More than any other place, wildlife have impact on human health, quality of life and aesthetics in urban areas. Thinking about city planning at the terrestrial wildlife scale could support mutual objectives of city planning.
'Huge' is an understatement. Revenues were less than 2 percent of what was forecasted. The uncertainty of the continuance of the program may be responsible. The plummet in revenues to high-speed rail adds to uncertainty of the $64 billion project.
As with most natural disasters, it's not a question of 'if' but 'when' when it comes to the eruption of Mount Rainier in Washington state. Scientists lay out a scenario for what to expect when the volcano erupts.
In October 2014, Los Angeles Mayor Eric Garcetti acted to make the city more resilient from drought and climate change. In 2016, we get an update from leaders Gary Hildebrand and Marty Adams on L.A.'s stormwater capture systems.
In South Florida, much of the focus in dealing with seal level rise has been on pumps and property values. A strong case is emerging, however, for the protection of the natural environment of the Everglades.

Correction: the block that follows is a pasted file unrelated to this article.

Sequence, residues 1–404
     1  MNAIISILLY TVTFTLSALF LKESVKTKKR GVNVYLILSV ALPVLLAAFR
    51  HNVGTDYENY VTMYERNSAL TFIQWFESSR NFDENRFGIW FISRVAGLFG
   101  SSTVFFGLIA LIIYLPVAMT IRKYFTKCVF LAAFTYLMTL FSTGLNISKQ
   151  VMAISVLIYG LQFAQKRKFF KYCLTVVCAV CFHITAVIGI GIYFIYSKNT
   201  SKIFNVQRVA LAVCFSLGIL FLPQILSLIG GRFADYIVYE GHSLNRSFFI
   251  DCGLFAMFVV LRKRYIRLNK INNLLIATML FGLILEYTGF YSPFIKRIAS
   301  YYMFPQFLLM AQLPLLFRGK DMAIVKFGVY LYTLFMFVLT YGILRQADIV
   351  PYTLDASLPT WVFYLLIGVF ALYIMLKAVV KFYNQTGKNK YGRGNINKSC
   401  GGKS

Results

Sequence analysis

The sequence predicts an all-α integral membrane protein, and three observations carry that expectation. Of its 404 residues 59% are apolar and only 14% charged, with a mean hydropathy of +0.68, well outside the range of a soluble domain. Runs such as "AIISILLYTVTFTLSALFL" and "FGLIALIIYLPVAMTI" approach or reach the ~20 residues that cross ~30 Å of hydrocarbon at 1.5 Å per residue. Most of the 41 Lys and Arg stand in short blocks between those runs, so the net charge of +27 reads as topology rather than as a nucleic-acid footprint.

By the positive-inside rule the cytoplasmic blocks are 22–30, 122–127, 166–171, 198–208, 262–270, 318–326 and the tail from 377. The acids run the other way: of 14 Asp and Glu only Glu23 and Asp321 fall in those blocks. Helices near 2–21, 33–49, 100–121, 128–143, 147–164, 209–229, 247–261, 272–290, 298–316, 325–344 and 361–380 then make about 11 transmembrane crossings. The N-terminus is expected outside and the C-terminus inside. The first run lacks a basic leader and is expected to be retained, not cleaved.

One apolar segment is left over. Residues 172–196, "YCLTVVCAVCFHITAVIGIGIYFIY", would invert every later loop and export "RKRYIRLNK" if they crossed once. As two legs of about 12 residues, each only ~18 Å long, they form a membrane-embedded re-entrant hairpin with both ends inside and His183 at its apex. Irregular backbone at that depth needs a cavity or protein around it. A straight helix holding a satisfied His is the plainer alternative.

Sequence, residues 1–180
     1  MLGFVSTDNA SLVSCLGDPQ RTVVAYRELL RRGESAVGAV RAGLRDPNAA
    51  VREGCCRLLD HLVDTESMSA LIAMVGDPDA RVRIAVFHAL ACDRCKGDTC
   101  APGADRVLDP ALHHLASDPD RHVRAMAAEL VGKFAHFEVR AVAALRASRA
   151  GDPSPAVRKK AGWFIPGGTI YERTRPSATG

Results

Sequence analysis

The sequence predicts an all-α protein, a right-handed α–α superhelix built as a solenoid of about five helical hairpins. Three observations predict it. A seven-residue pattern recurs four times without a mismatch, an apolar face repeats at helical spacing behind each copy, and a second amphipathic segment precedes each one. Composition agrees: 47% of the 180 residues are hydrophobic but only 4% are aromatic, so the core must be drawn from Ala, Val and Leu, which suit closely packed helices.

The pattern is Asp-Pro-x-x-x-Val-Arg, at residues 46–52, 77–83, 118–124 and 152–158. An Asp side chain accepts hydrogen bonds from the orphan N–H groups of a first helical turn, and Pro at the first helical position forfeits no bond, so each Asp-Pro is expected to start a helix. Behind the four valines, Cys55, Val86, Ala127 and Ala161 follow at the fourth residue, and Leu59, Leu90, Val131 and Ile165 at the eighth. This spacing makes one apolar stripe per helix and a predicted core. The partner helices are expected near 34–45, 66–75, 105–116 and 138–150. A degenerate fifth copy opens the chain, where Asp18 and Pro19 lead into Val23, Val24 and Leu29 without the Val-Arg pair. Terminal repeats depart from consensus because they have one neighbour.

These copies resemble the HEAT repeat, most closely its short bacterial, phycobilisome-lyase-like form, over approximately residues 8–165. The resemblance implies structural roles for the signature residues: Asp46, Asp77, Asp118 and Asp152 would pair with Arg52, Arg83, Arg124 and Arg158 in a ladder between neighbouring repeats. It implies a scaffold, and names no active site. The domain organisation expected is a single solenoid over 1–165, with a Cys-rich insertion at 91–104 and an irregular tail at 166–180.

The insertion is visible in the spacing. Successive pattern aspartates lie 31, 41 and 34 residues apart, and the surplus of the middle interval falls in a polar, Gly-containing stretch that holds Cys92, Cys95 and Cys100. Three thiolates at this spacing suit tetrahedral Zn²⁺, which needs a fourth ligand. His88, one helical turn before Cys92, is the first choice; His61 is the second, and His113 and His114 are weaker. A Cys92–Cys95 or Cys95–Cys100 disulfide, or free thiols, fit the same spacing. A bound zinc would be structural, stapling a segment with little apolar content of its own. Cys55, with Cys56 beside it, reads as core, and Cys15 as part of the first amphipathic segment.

The Washington Post provides feature-length coverage of an ongoing, long-lasting controversy over a proposal by a wealthy landowner to donate 87,500 acres for the purposes of creating a new national park.
With an earthquake due to shake up the Pacific Northwest in the not so distant future, Portland has provided an online map to identify potentially vulnerable buildings in danger of suffering major damage when the big one hits.
The Platte to Park Hill project would install new stormwater detention facilities at a golf course near Downtown Denver. Opponents to the project say it’s a burden on the neighborhood and a benefit to development interests farther down the watershed.
While the methane reduction targets are the same as the draft rule released last August (i.e., 40-45 percent reduction of 2012 levels by 2025), the new rule removes exceptions, resulting in a 30 percent improvement in reductions of methane.
The World Health Organisation published figures on 12 May 2016 which showed that London has breached safe levels of pollutant particles known as PM10. Almost 10,000 Londoners die prematurely each year, because of polluted air.
When a watchdog group partnered with MIT to install trackers on a batch of e-waste, the results were sobering. Much of the haul left the country, ending up in Asian junkyards where unknowing workers are exposed to toxic substances.